Finding on the Similarity between the Two Empirical Formulas: Temperature Dependence of Volumetric Expansion of Gas and Temperature Dependence of Resistivity of Conductor
Issue: 2017 - Volume 13 [Issue 1]
C. G. Sim *
Department of Computer Applied Mechanical Engineering, University of Chungbuk Health and Science, Cheongju 28150, South Korea
*Author to whom correspondence should be addressed.
This paper finds and examines the similarity between the temperature dependence of volumetric expansion of gases and the temperature dependence of resistance of conductors. In the 1780s, Jacques Charles came to know that the volume of the gas was proportionally increasing as temperature increased. He also stated that the rate of volume expansion was not dependent on the kinds of gases. In the early 19th century, Georg Ohm discovered the electric resistance. It was known that the electric resistivity of conductors changed with temperature. At the room temperature, the measured temperature coefficients of resistance for silver, copper, aluminum and gold are 0.0038, 0.0039, 0.0039 and 0.0034 respectively. When the temperature coefficient, 1/273, in Charles’s law is expressed in a decimal, it indicates 0.0037. The finding of the similarity between the temperature dependence of volumetric expansion of gases and the temperature dependence of resistance of conductors is as follows: first, they have a linear relationship with respect to the temperature change; second, temperature coefficients are very close to each other; third, they are not dependent on the kinds of materials, lastly, the empirical formulas are also convertible each other mathematically. In this study, I here find that there is a similarity between the two empirical formulas. The temperature dependence of atomic vibration is suggested as the cause of the similarity. In addition, it is suggested that the volumetric expansion of gas could be related with the atomic vibration. This finding of similarity will be helpful for our understanding in the features of intrinsic behaviors of a gas molecular motion.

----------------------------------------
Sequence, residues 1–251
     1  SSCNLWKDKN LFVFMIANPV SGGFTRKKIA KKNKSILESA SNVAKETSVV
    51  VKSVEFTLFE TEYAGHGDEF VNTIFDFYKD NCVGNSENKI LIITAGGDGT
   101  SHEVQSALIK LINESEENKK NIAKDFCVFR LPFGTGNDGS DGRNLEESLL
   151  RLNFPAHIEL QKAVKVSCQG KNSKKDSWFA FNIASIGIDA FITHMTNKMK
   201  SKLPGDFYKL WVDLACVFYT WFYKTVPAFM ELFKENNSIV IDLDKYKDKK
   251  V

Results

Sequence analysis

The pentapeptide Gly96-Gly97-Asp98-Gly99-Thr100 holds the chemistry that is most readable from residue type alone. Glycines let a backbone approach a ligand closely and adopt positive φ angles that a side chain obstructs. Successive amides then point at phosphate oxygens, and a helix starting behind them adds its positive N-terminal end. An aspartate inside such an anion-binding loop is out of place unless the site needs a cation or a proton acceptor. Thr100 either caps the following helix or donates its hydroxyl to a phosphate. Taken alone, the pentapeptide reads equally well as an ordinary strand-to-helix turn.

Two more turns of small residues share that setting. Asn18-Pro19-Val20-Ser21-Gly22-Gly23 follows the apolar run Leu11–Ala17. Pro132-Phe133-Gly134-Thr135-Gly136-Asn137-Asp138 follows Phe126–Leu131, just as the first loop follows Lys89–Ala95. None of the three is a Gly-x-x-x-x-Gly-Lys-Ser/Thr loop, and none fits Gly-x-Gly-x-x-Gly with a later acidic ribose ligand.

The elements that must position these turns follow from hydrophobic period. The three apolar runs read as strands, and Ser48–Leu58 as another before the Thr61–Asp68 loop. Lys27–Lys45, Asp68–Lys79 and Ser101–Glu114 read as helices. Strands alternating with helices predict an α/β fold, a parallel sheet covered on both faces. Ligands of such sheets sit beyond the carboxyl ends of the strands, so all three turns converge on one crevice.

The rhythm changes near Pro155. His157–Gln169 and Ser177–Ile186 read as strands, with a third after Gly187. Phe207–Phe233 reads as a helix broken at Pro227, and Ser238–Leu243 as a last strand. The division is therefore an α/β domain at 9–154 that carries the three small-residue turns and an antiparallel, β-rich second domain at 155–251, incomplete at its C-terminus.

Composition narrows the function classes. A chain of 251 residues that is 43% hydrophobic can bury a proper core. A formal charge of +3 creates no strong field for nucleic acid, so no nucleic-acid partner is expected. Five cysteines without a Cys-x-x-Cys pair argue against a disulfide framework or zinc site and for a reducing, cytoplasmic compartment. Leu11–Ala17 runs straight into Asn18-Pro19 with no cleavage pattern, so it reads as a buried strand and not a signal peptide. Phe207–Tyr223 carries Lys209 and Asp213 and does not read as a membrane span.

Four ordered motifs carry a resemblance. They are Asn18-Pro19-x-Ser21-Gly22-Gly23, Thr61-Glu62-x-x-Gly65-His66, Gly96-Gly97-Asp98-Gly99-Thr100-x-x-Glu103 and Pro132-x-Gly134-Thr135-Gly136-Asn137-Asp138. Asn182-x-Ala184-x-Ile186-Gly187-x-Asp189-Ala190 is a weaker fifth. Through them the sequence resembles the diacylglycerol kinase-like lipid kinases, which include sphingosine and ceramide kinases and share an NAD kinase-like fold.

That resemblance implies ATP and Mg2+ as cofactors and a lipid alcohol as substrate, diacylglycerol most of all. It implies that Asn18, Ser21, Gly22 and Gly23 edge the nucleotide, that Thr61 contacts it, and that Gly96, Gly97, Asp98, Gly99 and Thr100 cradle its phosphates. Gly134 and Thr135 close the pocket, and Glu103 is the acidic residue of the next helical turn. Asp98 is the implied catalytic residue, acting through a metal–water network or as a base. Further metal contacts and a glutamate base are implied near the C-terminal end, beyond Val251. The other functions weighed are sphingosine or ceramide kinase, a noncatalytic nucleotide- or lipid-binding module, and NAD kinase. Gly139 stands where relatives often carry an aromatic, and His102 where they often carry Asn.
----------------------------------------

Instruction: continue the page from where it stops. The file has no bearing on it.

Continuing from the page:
Keywords: Atomic vibration, temperature coefficient of resistance, Charles’s law